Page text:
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Shell has muted opposition to executive pay

Royal Dutch Shell experienced a relatively modest level of investor opposition to its executive remuneration report at its recent AGM with a 14% vote against, this follows the rival oil company BP’s loss of its pay vote last month. However, Manifest data shows it is the highest level of opposition Shell has received in the past six years – although it hovered between 10% and 11% between 2012 and 2014. Taking account of the votes positively withheld, the overall dissent was 18.06%. Mean average dissent on remuneration reports for the past 6 years has been 9% in the FTSE350 according to Manifest VoteWatch. So far this season (as @ 25 May 16) 47 resolutions in the top 100 companies have garnered higher than 15% dissent.

Manifest had graded Shell’s remuneration a D (on a scale of A-F) stating that total pay could be considered excessive given the company’s size and its recent performance which has been affected by the recent drop in the oil price. The chief executive, Ben van Beurden, has been given a salary rise of 2% in 2016 to €1.46m (£1.11m) while the aggregate of all long-term incentive awards made to him represented 692.42% of salary and the total maximum potential incentive pay for van Beurden in 2015 exceeded 1050% of salary.

Shell completed its acquisition of BG Group in February and while this could boost the business the institutional investor, Standard Life, repeated its concerns prior to the AGM, which were first made at last year’s meeting, about the appointment of Ernst & Young (EY) as Shell’s auditor. As Manifest noted in its analysis EY, which replaced PwC as Shell’s auditor for the 2016 financial year, served as auditor for BG Group since 2013. Meanwhile EY’s lead partner, Allister Wilson, was the lead partner for BG Group immediately prior to the takeover.  Standard Life believe the appointment, which followed a tender process, represented a conflict of interest for the audit firm . Standard Life voted against the appointment of the auditor at the AGM – in total there was a 7.5% vote against.

In a statement Standard Life noted that the UK’s ethical auditing standards require that ‘Auditors shall conduct the audit of the financial statements of an entity with integrity, objectivity and independence.’ and goes on to describe independence as ‘…freedom from situations and relationships which make it probable that a reasonable and informed third party would conclude that objectivity either is impaired or could be impaired.’

Standard Life said, “Since the AGM last year Standard Life Investments has engaged with Shell, BG, EY and the Financial Reporting Council (FRC) on the matter of the appointment of EY. During this engagement it became clear that the audit partner for BG Group was to become the new lead audit partner for the Shell audit.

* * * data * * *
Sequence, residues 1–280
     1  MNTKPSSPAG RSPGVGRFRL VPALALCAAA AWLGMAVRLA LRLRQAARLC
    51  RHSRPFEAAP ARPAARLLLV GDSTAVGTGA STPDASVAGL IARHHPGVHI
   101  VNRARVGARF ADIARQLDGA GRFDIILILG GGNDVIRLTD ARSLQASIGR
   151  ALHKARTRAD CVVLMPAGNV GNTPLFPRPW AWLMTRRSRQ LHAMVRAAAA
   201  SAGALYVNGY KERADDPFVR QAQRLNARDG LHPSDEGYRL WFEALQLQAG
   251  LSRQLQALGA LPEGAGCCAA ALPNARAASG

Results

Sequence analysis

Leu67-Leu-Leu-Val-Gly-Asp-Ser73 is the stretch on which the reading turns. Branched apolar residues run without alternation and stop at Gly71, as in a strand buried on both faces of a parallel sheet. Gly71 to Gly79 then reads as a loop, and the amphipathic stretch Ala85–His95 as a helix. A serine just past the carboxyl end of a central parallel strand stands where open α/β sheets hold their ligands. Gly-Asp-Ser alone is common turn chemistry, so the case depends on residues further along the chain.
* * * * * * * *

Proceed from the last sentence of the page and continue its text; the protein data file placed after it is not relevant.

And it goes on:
“Standard Life Investments is a substantial investor in Shell and BG, and it is our view that the objectivity of Shell’s proposed auditor could indeed be impaired by their prior connection with BG.”

In a comment to Manifest last month, Mike Everett, governance & stewardship director at Standard Life stated,  “BG Group’s accounts for 2015 – and early 2016 – still have to be audited by EY and we perceive that their independence, objectivity and scepticism could be compromised. For example, if a material error in BG’s 2014 and 2015 accounts comes to light would shareholders be able to rely on EY to take an objective view on figures they audited?”

The FRC has recently published its reviews for 2015-2016 on the audit quality of the six biggest firms operating in the UK BDO, Deloitte, EY, Grant Thornton, KPMG and PwC. Later in 2016 the FRC intends to issue, in view of its forthcoming role as the UK’s competent authority for audit, its first report monitoring and assessing developments in UK audit quality encompassing developments in standards and policy, professional oversight, audit quality review and enforcement.

Last year’s AGM had seen the backing by management and investors of a shareholder resolution requiring the company to disclose more information in five areas relevant to climate risk. Responsible investment pressure group, Shareholder Action, produced a report prior to this year’s meeting, analysing the company’s recent climate risk reporting, which found that whilst progress has been made, Shell’s current business model is still far from aligning with what is required to achieve the goal of limiting temperature rises to ‘well below’ 2°C, with an ambition for 1.5°C, set at the UN’s climate change summit in Paris last year.

ShareAction said that in its reporting Shell provided investors with narrative reporting on what a rise of less than 2°C outcome might look like, but explicitly states that it has “no immediate plans to move to a net-zero emissions portfolio over [its] investment horizon of 10-20 years”. The report also noted that key performance indicators and executive incentives continue to encourage the replenishing of fossil fuel reserves, with climate receiving negligible consideration and weighting and although Shell has created a division to invest in low-carbon power, it does not provide details of a more comprehensive re-alignment of research and development to address the global targets on climate change.

A more radical shareholder resolution proposed this year requesting the Shell board to invest the profits from fossil fuels into renewable energy was rejected by investors receiving a 2.8% vote in favour.

What do you think?